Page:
Probably because the classic recipes are centred around what grows in Britain...

Gastropubs are awesome if they do things right. If they do things wrong, like offer me a pie on the menu then serve me a stew with a pastry disc perched on top at a jaunty angle, bad things can happen...

And yes, most of the items on Quercus' list were ingredients rather than dishes, so Britain has some excellent ingredients, but... well, many of the good dishes take a while to cook, so are either special occasion/weekend things, or done adequately en masse, chilled and reheated.
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Re: Controversial opinions about food

Postby dubsola » Wed Jul 22, 2015 6:14 am UTC

Echo244 wrote:If they do things wrong, like offer me a pie on the menu then serve me a stew with a pastry disc perched on top at a jaunty angle, bad things can happen...

So annoying!

This is a pretty awesome meal, and I'd say it's pretty English: Pork and cider. Especially when it's made with that dry-ass West Country cider that is so so delicious (and utterly unique to GB).

Quercus wrote:Samphire grass

Delicious

Quercus wrote:I haven't seen a single Scottish or Welsh dish mentioned.

Oooh... Like Welsh rarebit*, or black pudding, or smoked kippers for breakfast. Yum!

* I can't really think of any Welsh dishes so...

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Re: Controversial opinions about food

Postby freezeblade » Wed Jul 22, 2015 4:56 pm UTC

Controversial opinion: most forms of tinned fish is god damn amazing.

Kippers and eggs for breakfast? bring it on.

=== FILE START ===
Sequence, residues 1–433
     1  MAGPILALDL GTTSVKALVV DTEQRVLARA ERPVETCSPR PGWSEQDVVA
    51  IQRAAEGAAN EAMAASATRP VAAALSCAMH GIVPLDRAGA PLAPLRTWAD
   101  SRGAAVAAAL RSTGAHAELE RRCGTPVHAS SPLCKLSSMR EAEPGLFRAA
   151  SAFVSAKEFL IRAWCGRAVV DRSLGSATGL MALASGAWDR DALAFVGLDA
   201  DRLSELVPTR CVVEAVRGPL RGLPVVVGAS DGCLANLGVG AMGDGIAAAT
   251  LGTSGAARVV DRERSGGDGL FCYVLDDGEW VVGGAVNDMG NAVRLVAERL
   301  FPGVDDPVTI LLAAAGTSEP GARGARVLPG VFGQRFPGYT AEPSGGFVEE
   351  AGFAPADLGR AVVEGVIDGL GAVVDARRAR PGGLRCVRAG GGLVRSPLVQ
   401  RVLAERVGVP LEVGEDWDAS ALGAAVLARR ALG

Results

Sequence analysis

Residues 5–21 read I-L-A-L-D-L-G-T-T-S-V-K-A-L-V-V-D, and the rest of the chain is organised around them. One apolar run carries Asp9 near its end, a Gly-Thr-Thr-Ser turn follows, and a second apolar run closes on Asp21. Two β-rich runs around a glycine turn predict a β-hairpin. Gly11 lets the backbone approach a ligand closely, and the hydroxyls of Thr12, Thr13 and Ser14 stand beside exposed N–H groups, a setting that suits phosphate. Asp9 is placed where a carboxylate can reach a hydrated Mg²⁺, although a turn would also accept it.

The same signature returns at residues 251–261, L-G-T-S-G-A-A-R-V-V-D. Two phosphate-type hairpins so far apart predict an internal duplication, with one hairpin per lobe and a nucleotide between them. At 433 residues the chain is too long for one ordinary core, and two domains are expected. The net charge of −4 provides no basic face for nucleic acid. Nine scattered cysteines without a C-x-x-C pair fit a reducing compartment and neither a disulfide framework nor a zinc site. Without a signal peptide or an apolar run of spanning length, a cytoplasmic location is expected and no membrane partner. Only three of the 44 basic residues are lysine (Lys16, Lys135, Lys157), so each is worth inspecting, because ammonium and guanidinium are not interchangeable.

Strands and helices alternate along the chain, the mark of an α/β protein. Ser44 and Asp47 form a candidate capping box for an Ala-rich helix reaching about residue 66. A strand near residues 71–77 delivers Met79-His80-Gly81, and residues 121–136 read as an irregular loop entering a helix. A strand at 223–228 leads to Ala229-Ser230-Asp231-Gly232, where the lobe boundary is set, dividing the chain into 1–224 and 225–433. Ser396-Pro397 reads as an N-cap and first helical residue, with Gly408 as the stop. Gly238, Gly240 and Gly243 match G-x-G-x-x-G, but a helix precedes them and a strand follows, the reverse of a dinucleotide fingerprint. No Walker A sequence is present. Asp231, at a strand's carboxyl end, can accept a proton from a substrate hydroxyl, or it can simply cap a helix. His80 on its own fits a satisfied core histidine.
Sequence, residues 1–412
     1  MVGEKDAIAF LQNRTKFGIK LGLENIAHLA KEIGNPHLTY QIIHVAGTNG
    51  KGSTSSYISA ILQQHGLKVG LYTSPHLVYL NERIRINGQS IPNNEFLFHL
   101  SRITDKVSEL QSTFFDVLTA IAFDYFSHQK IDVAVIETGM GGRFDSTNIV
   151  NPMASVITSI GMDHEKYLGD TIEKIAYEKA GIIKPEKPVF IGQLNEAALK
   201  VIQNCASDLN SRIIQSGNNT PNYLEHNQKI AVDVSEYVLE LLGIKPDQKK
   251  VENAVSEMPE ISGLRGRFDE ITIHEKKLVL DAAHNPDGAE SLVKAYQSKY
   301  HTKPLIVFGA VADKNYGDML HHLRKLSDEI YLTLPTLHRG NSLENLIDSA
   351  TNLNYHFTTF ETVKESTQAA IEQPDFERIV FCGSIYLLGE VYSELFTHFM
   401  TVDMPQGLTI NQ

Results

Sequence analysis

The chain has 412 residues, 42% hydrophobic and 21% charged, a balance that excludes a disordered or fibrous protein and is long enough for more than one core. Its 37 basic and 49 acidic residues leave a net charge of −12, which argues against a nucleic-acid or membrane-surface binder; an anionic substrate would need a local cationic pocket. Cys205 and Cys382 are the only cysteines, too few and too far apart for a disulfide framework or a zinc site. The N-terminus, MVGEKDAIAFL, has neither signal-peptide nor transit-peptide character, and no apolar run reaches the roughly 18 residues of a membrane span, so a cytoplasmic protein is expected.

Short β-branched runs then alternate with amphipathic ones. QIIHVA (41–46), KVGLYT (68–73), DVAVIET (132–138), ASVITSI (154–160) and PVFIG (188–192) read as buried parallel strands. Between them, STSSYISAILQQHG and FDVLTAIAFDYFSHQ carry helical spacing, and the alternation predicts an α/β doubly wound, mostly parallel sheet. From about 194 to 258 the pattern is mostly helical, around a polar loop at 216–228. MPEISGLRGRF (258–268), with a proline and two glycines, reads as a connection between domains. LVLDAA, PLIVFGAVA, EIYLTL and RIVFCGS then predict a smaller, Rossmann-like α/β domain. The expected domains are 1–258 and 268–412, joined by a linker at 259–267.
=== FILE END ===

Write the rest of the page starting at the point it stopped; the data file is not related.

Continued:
smoked oysters with creamy cheese on crackers for snack? yes please.
sardines in oil mashed up with some veg on toast for lunch? oh yeah.
cherrystone clams and anchoveys on a white sauce pizza for dinner? mmmhm.
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Re: Controversial opinions about food

Postby Quercus » Wed Jul 22, 2015 5:15 pm UTC

freezeblade wrote:Controversial opinion: most forms of tinned fish is god damn amazing.

Kippers and eggs for breakfast? bring it on.
smoked oysters with creamy cheese on crackers for snack? yes please.
sardines in oil mashed up with some veg on toast for lunch? oh yeah.
cherrystone clams and anchoveys on a white sauce pizza for dinner? mmmhm.

Is that controversial? Those all sound delicious and quite normal to me.

Related possibly controversial opinion: pickled/marinated anchovies are far superior in many roles to the more commonly available salted anchovies.

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Re: Controversial opinions about food

Postby freezeblade » Wed Jul 22, 2015 5:20 pm UTC

Quercus wrote:Is that controversial? Those all sound delicious and quite normal to me.

Related possibly controversial opinion: pickled/marinated anchovies are far superior in many roles to the more commonly available salted anchovies.


Most friends of mine find all tinned fish that is not tuna a disgusting proposition. Especally henius to them is the idea of anchovys on pizza.
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Re: Controversial opinions about food

Postby Quercus » Wed Jul 22, 2015 5:32 pm UTC

freezeblade wrote: